Voice: Silent in general, utters hissing and grunting sounds as is the case with all Gyps vulture; hoarse cackles at nest.




Sexually Mature: probably between 3rd to 4th year.

Mating: Lifelong monogamous breeding pair, mating coincides with courtship and nest building.


Clutches per breeding season1 clutch

Breeding: Depends on geographical region. Breeds solitary to colonial. Kenya – April to September, but breeding has been found to take place almost all year, Uganda – almast all year, West Africa to Somalia – almost all year (October to January/ even June); southern East and southern Africa – April/May to December/January; Zimbabwe – April to September.


Nest: Small nest made of sticks measuring 34-100 cm across and 10-90 cm deep, lined with grass and green leaves. Sits at heights of 5-50 m in the crown of tall trees, rarely on pylons, however never on any ledges.


Clutch: 1 egg (rarely up to 3)

Egg: Whitish elliptical egg with reddish brown to brown stains. Elliptisches Ei mit weißer Grundfarbe und rötlich-brauner bis brauner Fleckung.


Egg Measurements and Weights

Length x Width: 88.0x67.0 mm

Weight: ≈ ??? g


Recurrent Clutch: there are no recorded data available.


Incubation: ≃ 56 days, both parents share the task of incubating.


Fledging: fledging after c. 4 months (120-130 days).


Dependency: Most probably the young White-rumped Vulture will cared for by its parents for a while, though there are no recorded data available.





Food: As member of the Gyps genus the White-backed Vulture processes cadaver and carrion; carrion: intestines, softer flesh of mainly larger dead mammals. Search flights to find food, rises in thermals to altitudes between 200 and 500 m, thereby watching other bird and mammal scavengers and predators. Because Hooded Vultures and Bateleurs are always the first at carcases they attract White-backed Vultures in numbers and also Rüppell’s Vultures Der Weißrückengeier gehört zu den Kadaververwertern und versorgt sich an großen Kadavern und Aas. Zusätzlich werden auch Knochenreste genommen. Grundsätzlich bedient sich der Weißrückengeier an den Resten der Kadaver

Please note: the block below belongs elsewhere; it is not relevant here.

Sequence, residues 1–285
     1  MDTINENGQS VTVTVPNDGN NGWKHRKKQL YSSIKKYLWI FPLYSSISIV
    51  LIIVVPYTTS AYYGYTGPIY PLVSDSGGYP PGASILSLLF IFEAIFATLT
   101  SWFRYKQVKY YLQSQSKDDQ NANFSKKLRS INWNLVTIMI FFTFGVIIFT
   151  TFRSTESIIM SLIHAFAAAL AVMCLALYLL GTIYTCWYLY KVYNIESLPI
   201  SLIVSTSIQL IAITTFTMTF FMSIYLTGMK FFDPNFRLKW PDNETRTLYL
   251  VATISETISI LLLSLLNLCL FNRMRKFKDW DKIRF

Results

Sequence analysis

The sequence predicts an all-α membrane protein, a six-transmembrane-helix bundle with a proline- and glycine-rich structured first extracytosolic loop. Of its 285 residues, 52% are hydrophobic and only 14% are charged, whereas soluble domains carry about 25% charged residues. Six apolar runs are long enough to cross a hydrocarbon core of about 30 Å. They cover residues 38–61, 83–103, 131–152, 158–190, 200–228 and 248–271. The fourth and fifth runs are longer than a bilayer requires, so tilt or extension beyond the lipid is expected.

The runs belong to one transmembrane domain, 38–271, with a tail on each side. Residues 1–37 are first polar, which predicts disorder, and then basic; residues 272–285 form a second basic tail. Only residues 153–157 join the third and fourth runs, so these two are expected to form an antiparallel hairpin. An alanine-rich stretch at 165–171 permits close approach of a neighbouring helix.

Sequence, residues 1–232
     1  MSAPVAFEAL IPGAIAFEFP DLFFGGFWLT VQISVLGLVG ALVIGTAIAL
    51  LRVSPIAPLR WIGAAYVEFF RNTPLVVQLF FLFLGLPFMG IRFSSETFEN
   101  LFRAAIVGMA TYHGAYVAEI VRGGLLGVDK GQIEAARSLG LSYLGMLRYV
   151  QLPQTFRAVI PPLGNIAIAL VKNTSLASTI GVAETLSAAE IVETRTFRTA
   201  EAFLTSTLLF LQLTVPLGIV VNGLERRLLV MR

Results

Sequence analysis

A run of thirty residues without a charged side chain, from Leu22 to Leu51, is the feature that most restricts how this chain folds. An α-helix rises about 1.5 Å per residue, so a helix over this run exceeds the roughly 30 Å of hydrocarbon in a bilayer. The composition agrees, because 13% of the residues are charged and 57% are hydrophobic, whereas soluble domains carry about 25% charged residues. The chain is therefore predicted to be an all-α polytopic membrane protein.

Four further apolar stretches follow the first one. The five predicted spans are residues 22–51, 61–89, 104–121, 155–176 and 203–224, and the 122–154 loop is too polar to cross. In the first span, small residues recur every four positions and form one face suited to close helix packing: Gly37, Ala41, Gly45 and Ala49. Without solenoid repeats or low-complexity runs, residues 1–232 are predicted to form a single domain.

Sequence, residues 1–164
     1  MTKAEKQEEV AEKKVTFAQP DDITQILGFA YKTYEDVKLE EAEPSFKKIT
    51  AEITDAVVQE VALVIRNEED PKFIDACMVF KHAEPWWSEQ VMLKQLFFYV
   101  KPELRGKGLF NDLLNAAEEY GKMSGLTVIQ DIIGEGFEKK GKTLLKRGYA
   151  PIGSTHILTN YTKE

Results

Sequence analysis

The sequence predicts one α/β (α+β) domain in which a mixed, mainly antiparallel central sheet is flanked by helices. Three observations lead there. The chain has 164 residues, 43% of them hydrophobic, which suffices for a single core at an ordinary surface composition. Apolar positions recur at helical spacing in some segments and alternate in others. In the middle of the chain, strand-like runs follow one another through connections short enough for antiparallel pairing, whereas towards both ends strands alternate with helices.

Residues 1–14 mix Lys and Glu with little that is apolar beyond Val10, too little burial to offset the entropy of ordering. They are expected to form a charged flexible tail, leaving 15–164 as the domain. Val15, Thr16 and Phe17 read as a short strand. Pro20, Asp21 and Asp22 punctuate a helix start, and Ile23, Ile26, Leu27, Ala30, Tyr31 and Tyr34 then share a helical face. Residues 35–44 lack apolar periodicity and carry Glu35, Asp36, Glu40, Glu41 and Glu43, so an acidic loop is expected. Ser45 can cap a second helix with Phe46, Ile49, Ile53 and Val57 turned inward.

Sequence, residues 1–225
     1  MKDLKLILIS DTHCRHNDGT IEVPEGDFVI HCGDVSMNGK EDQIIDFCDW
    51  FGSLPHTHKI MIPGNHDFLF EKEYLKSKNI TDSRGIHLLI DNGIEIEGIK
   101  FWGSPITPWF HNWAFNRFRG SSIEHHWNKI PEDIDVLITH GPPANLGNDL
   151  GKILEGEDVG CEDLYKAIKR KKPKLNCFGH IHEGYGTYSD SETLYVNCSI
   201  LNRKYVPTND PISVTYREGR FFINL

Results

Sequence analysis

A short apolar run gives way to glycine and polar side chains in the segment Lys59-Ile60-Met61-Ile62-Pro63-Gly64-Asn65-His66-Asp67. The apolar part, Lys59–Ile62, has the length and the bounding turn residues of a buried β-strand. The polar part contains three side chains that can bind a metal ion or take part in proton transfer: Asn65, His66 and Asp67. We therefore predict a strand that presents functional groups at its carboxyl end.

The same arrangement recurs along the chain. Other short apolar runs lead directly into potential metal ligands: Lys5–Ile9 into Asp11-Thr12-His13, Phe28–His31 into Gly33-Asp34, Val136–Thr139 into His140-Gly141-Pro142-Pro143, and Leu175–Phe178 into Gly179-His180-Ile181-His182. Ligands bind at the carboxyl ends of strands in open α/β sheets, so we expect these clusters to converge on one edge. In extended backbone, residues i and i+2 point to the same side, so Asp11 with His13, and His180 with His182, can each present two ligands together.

Longevity: The White-backed Vulture can reach an age of c. 19 years.


Mortality: unknown .


Threats: The White-backed Vulture is an endangered species. Most common threats bare loss of habitat, insufficient supply of carcases and carrion, collisions with power lines. Fells victim to poisoned bait laid out to fight mammal predators. Because of it being the end link of the food chain, it also suffers from poisoning by biocides and pollutants such as heavy metals. Especially species with a low reproduction rate are unable to make up large losses in population that go beyond normal reproduction, eventually leading to a radical decline in population.






Brown, Leslie, Die Greifvögel, Ihre Biologie und Ökologie, Paul Parey Verlag Hamburg und Berlin, 1979

Ferguson-Lees, James and Christie, David A., Raptors of the World, Houghton Mifflin Company Boston New York, 2001

Ferguson-Lees, James, Christie, David, Raptors of the World, A Field Guide, Christopher Helm London, 2005, reprinted 2019

Fischer, Wolfgang, Die Geier, Die Neue Brehm-Bücherei, A. Ziemsen Verlag Lutherstadt Wittenberg, 1963

Glutz von Blotzheim, Urs et. al (HG), Handbuch der Vögel Mitteleuropas, Band 4, Falconiformes, AULA-Verlag Wiesbaden, 2. durchgesehene Auflage 1989

Grzimek, Bernhard et al (HG), Grzimeks Tierleben, Band VII, Vögel 1, Kindler Verlag AG Zürich, 1968

Weick, Friedhelm, Die Greifvögel der Welt, Verlag Paul Parey Hamburg und Berlin, 1980



External Links



Image Credits


Egg of the Griffon Vulture - Source: by Didier Descouens - Eigenes Werk, CC BY-SA 4.0, https://commons.wikimedia.org/w/index.php?curid=16930224